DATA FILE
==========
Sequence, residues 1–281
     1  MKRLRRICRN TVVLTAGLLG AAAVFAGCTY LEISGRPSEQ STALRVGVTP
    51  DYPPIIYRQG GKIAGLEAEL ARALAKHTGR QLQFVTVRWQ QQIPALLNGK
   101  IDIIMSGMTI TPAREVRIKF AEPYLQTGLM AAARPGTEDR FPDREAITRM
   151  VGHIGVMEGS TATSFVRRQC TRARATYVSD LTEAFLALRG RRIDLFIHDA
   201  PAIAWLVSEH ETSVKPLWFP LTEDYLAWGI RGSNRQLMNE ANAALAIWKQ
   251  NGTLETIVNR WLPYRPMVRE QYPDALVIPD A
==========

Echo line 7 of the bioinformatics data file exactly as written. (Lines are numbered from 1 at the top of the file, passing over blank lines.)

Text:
   251  NGTLETIVNR WLPYRPMVRE QYPDALVIPD A